By Steve Sorensen
They’ll send shivers up your spine when you think about those tusks shredding an abdomen or cutting
through a calf muscle like a scythe.
Wild pigs. Russian boars. Feral hogs. Whatever you call them, Hogzillas are not traditional North American big game animals. But they can be big. Real big. And they’re animals. Deadly animals.
I remember as a kid reading a magazine article about hunting wild pigs. It sounded exciting and I remember seeing pictures of a big bristled pig with long, razor-sharp tusks. It probably told the where-to and the how-to, but the why-to of hunting pigs is more relevant than ever because the population of wild pigs is exploding across North America. And they can be a lot of fun to hunt.
Why hunt pigs? To be blunt, because they need killed. It’s really that simple. Wherever they are, they reproduce rapidly, and are almost impossible to control. You might have your own reasons for hunting pigs, but if you need reasons here are eight great ones.
Pigs are destructive. This is the number one reason why game departments never close the season on wild pigs. Pigs compete with other wildlife. They’ll eat anything they come across. They’ll devastate turkey populations because they’re so methodical in their rooting that they can’t miss turkey nests. Nor do they miss fawns. If you have pigs in your deer or turkey hunting area, you need to kill them.
Hunting pigs is an effort in conservation. Conservation is first and foremost about habitat, and killing pigs is a necessity to save habitat for other species. Pigs in North America are an invasive species – and they destroy the habitat for native species. To put it mildly, they don’t play nicely with turkeys, deer, nor songbirds and other non-game species, and in most places they have no natural predators other than man.
Pigs are prolific. They’ve been described as the most prolific large mammal on the face of the earth. Some people say they’re born pregnant. No, that’s not possible, but a female pig can bear two or three litters per year and some are mature enough to breed at 8 or 9 months. And if a litter averages about six piglets, one adult pair becomes 20 porkers in a year. That makes normal exponential growth look anemic. Hunting is the best way to deal with explosive populations tearing up the landscape.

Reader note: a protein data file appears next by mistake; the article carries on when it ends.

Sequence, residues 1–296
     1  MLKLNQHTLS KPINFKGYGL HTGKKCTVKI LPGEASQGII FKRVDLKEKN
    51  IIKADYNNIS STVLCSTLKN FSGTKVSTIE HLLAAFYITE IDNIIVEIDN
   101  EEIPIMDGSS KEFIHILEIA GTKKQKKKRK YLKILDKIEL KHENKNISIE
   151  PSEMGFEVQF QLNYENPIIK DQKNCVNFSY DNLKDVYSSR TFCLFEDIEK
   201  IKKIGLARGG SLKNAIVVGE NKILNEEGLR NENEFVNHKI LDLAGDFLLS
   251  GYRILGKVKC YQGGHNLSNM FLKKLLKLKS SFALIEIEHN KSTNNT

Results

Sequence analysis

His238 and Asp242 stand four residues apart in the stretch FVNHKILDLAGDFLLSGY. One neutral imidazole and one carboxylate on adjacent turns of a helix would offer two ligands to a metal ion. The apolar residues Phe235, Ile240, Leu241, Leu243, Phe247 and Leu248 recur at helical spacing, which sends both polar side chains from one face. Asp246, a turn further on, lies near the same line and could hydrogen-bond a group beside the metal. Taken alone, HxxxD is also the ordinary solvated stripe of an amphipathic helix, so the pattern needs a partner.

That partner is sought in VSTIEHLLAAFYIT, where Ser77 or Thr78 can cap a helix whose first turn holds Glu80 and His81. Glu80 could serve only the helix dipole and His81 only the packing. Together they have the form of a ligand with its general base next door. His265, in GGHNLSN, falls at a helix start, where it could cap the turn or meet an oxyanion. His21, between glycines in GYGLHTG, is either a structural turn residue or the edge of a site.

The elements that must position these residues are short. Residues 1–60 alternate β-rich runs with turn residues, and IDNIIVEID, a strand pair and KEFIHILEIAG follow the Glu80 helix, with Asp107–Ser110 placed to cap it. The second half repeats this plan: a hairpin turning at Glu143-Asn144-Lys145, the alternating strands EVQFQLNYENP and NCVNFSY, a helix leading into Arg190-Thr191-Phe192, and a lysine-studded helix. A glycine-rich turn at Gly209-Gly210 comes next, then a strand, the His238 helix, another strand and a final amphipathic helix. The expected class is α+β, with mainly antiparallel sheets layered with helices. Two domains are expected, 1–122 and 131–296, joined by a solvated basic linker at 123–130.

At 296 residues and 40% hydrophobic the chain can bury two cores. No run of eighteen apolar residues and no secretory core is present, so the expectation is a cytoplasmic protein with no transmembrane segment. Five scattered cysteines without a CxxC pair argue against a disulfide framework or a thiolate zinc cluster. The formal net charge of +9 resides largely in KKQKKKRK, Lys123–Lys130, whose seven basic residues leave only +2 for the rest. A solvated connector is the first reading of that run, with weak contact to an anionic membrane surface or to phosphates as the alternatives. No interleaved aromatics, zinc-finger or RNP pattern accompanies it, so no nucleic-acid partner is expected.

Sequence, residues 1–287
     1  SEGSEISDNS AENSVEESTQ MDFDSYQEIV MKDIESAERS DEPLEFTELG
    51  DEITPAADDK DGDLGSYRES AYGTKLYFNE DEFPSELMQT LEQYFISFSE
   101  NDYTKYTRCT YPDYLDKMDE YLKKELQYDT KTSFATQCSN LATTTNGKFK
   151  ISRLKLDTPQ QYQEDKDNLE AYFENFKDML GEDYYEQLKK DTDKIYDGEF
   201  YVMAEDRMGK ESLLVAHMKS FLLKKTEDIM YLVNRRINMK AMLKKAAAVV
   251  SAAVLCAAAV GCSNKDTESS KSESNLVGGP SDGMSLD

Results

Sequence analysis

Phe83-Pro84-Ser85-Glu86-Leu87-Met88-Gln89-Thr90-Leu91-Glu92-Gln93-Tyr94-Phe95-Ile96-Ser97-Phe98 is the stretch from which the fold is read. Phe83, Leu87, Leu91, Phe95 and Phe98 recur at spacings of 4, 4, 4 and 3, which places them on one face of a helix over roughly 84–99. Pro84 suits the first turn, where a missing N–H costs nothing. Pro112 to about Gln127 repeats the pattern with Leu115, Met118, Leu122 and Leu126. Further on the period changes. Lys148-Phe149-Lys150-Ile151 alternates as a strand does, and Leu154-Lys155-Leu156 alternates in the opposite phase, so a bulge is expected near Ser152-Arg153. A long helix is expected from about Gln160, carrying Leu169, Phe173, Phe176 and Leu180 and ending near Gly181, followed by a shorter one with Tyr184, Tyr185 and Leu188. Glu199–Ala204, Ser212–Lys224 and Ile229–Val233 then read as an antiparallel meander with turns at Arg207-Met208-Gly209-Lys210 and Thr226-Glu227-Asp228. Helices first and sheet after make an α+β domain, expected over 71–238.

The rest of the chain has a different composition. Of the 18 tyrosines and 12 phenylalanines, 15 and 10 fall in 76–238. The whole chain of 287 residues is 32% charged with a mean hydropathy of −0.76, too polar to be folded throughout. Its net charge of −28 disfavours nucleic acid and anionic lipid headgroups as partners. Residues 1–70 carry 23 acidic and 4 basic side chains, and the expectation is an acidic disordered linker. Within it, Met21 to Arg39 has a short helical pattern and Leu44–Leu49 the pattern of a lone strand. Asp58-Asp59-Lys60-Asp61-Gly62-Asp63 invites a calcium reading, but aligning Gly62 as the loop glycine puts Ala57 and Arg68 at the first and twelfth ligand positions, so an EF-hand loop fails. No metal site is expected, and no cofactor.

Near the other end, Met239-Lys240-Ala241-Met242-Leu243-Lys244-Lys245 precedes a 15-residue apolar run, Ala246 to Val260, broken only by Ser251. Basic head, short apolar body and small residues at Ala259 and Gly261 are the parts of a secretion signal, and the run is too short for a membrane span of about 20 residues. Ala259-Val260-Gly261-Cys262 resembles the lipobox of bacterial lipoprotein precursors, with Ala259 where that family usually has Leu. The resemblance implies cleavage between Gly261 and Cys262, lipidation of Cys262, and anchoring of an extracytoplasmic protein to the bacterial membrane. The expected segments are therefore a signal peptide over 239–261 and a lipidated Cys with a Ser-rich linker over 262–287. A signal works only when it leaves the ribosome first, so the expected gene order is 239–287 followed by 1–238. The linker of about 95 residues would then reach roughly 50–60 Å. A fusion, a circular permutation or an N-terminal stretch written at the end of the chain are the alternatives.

Pigs are delicious. Leaner than domestic pork, it has a flavor that many people think surpasses grocery store pork. In fact, some high class restaurants prefer serving wild pork. Those might be subjective opinions, but it’s a fact that wild hogs don’t have the hormones that domestic pigs are fed. Don’t let wild pigs go to waste – the Internet is full of recipes, so get one and eat healthy.
Pigs are trophies. They may not have the mystique and the uniqueness of antlers, but they have a lot of bone in their skulls. A good skull with long, curling tusks makes an impressive display and invites people to ask for the story behind it.
Pigs are exciting. They’re perhaps the most accessible dangerous game in North America. They’ll send shivers up your spine when you think about those tusks shredding an abdomen or cutting through a calf muscle like a scythe. Don’t underestimate tuskers. They are known to come after hunters, so make sure you’re well-armed and know how to shoot.
You can hunt pigs with any weapon. Want to try out your new crossbow? Practice on live game with your recurve? Test the performance of your muzzleloader? Get the excitement of handgun hunting? Virtually any style of weapon, suitably equipped, properly powered, and in capable hands is great for wild pigs.
Pigs can be hunted anytime. Spring, summer, fall, winter. Wild pigs are a great way to extend your season because in most places with wild pigs, hog time is all the time. And don’t think hunting inside an enclosure means they’re tame. Guys from southern states where pigs are overpopulated are capturing them and selling them to the ranches. So when you’re hunting a Pennsylvania ranch you’re helping to control pigs in, say, Georgia or South Carolina.
If you need more reasons to hunt pigs, you can probably find them. But the bottom line is that it all adds up to fun. So, get with a buddy and make plans to go pig hunting. Once you’ve done it, you’ll be looking for an opportunity to do it again.
About Steve Sorensen
Award-winning outdoor writer and speaker Steve Sorensen loves the Havalon knife, and has been a fan of knives since he begged his dad for a hunting knife when he was six years old. His articles have been published in Deer & Deer Hunting Magazine, Sports Afield, and many other top magazines across the USA. Invite Steve to speak at your next sportsman’s event, and follow his writing on his website, www.EverydayHunter.com.
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